Caching Over a Native Bridge

Published in Uken Games

Since taking over work on the native iOS framework that powers our applications, I haven’t actually been adding any new features. For the most part I have been trying to ensure that all of our applications are using the same version of the framework to make subsequent updates to the framework much more straightforward. For the last couple days though I have been working on adding a much requested feature to the framework which is adding capabilities to our web applications to cache and store data on the user’s device.

Web applications that run in a native wrapper are not known for being speed demons. This is generally because pages need to go off to the server get rendered, then return to the client device to be displayed. In an attempt to speed up this process, we want to be able to store data on the user’s device and retrieve it at a later date, which should be faster than requesting it from the server again.

While I was researching about how I was going to effectively cache the data on the native side, I came across a project from Tumblr called TMCache. It is a very cool parallel caching system that will not only cache in memory but will also persist the data to disk so that it can be retrieved even if the application is restarted. This seemed like a perfect fit for this project so I decided to use it. The next challenge is communicating from our javascript code to the native code to actually perform the caching (or retrieval). To do this, we are able to make an ajax request in javascript and actually intercept it on the native side. Once we intercept the request we can do anything we want including rendering and returning our own HTTP response.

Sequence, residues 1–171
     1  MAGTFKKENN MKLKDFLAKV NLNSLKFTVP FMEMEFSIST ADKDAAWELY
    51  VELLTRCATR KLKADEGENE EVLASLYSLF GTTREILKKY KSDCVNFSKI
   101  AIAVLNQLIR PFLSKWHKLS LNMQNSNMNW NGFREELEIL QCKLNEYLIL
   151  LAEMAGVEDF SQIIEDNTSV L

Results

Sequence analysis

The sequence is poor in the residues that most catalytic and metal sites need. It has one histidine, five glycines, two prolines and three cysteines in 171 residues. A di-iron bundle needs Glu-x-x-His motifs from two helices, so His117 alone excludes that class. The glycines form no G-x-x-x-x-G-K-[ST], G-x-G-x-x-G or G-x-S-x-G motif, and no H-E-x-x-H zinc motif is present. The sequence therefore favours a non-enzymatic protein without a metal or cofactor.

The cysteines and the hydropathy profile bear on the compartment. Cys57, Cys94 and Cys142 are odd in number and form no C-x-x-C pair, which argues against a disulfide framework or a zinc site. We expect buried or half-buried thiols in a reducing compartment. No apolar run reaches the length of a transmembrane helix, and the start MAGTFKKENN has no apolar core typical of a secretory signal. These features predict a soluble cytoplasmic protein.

Retrieving from the cache for a given key is a fairly easy process. We simply have to send the key as a parameter in our ajax request and then parse the parameter to look up the key in TMCache. Storing in the cache posed an interesting problem in its own right. Since we wanted to store a potentially large block of data (JSON), we could not simply send the data as a GET parameter in the URL. This meant that we needed to perform a POST request but upon doing this, the UIWebView was complaining about making a cross origin request and would not process fully. To satisfy the web view, I actually ended up injecting the proper CORS header (Access-Control-Allow-Origin: *) on the request and sending it back to the client. It is a little bit hacky but it worked wonders for our purposes.

Now our applications are able to store and retrieve JSON responses that don’t typically change too often. We have seen some nice performance gains in one of our new projects using this technique. I was ecstatic to get to work on this project as I learned a lot about some common ways that web-based applications can be given more of a native touch.

Written By

Andrew Halligan

Published October 13, 2013